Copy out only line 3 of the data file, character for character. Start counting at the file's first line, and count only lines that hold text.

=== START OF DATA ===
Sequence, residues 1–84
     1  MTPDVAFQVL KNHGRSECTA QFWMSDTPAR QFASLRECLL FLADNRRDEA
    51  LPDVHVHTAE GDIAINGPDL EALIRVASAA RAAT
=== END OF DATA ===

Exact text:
    51  LPDVHVHTAE GDIAINGPDL EALIRVASAA RAAT